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Solar ovens and woodland cooking ~ by Angus

solar oven

I couldn't get the gears on my bike to work so instead of going out I decided to make a cup of tea.  It may seem cumbersome but to make the tea I wheeled out my new solar oven, which is a large parabolic dish and once it's angled it towards the sun, its rays get concentrated onto the saucepan of water.  Actually as I write this, I'm drinking the tea made from water boiled by the said solar oven.  Like campfire tea it tastes especially nice - one enjoys it even more from knowing that it's made with renewable energy.

Our solar cooker only arrived last week and my son and I constructed it in about an hour.  The instructions were only in Chinese so some guesswork was involved and as with constructing IKEA furniture there were bits that had to be undone and turned around in the process.  We put together the six sections of the parabolic dish and then constructed the metal frame which goes on three wheels for moving it around easily.

solar oven construction

Coming together

We bought our solar cooker on Amazon and unusually it took 6 weeks to arrive but that was probably because there isn't much demand for these (yet) and it came from China.  Including delivery it cost £189 but I bought it to experiment with seeing what the sun could do directly rather than through photovoltaic panels.  It's not only water you can heat up but you can fry sausages and make stews - controlling where the heat goes can take a bit of practice because of regular adjustments pointing the dish towards the sun. Apparently the contraption can heat up to temperatures of 800 degrees and the beam gets concentrated on a small area. It also works much better if your pans are black rather than shiny. Normally in a woodland you would expect saucepans to get progressively blacker but without a source of carbon that doesn't happen with the solar cooker.  Fortunately we had plenty of old pans from camping trips.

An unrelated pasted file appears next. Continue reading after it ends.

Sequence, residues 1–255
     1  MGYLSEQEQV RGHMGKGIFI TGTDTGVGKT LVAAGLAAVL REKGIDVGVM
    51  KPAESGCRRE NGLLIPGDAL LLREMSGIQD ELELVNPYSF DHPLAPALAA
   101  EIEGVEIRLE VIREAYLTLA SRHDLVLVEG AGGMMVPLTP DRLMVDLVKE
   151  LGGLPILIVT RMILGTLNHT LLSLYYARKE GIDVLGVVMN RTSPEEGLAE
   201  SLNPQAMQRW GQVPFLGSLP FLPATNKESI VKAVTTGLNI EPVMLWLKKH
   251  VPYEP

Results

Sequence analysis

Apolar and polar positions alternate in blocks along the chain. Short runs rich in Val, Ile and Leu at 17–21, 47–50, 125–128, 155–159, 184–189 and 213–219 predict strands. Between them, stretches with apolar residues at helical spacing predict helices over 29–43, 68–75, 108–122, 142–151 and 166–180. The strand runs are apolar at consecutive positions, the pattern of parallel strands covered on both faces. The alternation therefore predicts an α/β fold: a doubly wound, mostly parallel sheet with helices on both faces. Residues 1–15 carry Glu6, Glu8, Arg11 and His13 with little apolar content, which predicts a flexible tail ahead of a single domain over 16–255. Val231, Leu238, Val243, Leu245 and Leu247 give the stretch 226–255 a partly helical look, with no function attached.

saucepan in position

Blackened saucepan in position

After wheeling the dish back to my bike store I looked more closely and noticed that my bike gears were broken because they'd been frazzled by the oven when I was away from it.  Also my bike helmet has been zapped.  It really is hot!

Melted bicycle helmet

Melted bicycle helmet

I've decided to protect it, or rather to protect everything else, with a sheet to cover it.  One can see how the solar cooker could start a fire in a woodland, just as discarded bottles can magnify the sun to start a forest fire.  It's another bit of forestry equipment that requires careful handling.


Covered solar oven panels

Covered solar oven panels


instructions


 

Posted in: Energy, sustainability & economics, Woodland Activities ~ On: 21 August, 2020

1 Comment so far

Eleanor Russell
26 August, 2020

Thanks for this article, I’ve been thinking of getting one of these for a while, as an alternative for a BBQ, they always seem a bit big though.. Good to see safety precautions need taking.

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